By Joseph Bosco
Henry Kissinger continues to amaze. Now 95, the former secretary of State under President Richard Nixon was recently interviewed for the 50th anniversary of the Wilson International Center for Scholars.
Kissinger’s remarks show why he is justly considered one of the foremost strategic thinkers of our time, as awe-inspiring for their erudition as his lectures to Harvard students back in the 1960s.
His talk also encapsulated the foundations — and, inadvertently, the failures — of U.S. China policy since he and Nixon first enunciated it in 1971. Were he not an icon in the self-proclaimed realist school of national security studies, it might be said of Kissinger’s unchanging views on China that he has learned nothing and forgotten nothing. Or, rather, he learned only the wrong things about China and never forgot them.
For the first half of his academic and professional career, Kissinger focused on Europe, the Soviet Union and the problems of nuclear weapons in the Cold War. He admittedly thought little and said less about China.
As a blank slate on China when Nixon enlisted him for his historic project, he knew he needed tutoring. So he turned to a State Department China specialist who would go on to become ambassador to China and head of the Kissinger Institute, Stapleton Roy — the man who was now interviewing him. “Stape was my teacher about China,” he explained. “So, for me, relations with China have been a process of education and experience.”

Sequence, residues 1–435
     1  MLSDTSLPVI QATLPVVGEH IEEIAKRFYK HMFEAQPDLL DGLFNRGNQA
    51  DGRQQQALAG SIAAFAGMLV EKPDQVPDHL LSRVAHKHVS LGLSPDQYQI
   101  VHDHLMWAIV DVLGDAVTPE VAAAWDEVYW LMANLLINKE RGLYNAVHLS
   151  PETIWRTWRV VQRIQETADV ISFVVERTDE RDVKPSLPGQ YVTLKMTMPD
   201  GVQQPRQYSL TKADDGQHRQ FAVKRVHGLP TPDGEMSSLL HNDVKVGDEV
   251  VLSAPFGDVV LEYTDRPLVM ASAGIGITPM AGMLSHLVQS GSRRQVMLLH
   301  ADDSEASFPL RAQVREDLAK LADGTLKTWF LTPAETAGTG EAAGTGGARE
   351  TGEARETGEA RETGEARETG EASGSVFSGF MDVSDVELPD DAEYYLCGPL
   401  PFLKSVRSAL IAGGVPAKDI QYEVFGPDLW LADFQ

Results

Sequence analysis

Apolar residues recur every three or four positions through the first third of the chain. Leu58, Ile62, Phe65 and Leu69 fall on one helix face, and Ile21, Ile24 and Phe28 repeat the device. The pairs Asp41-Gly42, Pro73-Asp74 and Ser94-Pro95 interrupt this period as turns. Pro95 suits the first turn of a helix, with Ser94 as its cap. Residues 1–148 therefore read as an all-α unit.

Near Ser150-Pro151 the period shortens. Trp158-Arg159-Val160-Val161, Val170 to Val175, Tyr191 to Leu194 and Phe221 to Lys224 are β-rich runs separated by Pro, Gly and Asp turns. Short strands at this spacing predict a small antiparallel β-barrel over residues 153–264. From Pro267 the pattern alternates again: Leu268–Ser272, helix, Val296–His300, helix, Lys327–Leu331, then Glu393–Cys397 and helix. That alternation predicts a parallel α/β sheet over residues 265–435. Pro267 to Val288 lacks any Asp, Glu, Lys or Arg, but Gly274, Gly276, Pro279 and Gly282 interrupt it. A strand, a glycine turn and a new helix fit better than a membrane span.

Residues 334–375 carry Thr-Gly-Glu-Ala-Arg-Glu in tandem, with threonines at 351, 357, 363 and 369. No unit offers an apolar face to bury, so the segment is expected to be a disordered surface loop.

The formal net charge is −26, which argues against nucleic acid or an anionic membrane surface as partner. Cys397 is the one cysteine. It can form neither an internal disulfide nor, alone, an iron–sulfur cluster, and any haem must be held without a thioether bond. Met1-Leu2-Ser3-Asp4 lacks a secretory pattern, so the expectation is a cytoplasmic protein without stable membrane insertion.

But Kissinger revealed the flaw in his learning process in his opening observation: “We are two countries that believe they have an exceptional nature in the conduct of policy: we on the basis of the political system of democratic constitutionalism; China on the basis of an evolution that goes back at least to Confucius and centuries of unique practice.”
As he does in every public utterance, Kissinger sees China today as the embodiment of an ancient civilization with hallowed principles of governance — not as a modern communist dictatorship whose founder scorned the very culture Kissinger now posits as its operating principle. Mao Zedong conducted a Cultural Revolution against Chinese history and the Chinese people.
Indeed, nowhere in the entire interview does either Roy or Kissinger allude to the communist origins of today’s People’s Republic of China, equally dedicated to the destruction of the political and economic values and institutions of the West, its second enemy after China’s ancient culture.
Kissinger would have done better to absorb Nixon’s view of Communist China, as a state “nurtur[ing] its fantasies, cherish[ing] its hates and threaten[ing] its neighbors.” Nixon sought to change that dangerous mindset by integrating China into the family of nations, and later regretted that his “strategic gamble” was not working, that a still-hostile China was simply getting more powerful.
Kissinger, instead of considering how to change China’s world outlook, apparently thought America also had to do some adjusting to accommodate China. As he told Roy, “I would say our hope was that the values of the two sides would come closer together.”